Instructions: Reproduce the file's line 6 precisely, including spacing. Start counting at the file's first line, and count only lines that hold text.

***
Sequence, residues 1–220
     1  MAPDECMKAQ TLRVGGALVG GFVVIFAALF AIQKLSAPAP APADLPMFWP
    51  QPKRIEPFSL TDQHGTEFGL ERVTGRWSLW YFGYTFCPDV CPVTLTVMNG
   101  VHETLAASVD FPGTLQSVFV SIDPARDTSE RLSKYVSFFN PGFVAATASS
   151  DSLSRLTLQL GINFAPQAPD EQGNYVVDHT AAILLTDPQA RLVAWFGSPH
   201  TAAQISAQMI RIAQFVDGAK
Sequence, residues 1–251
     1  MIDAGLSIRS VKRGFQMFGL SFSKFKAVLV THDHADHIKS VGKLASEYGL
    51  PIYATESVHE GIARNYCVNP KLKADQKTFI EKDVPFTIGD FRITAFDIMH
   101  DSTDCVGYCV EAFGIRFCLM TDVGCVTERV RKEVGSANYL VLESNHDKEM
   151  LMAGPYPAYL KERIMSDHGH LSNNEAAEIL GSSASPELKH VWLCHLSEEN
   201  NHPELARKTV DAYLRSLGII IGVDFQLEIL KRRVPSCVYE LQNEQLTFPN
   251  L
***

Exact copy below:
   201  TAAQISAQMI RIAQFVDGAK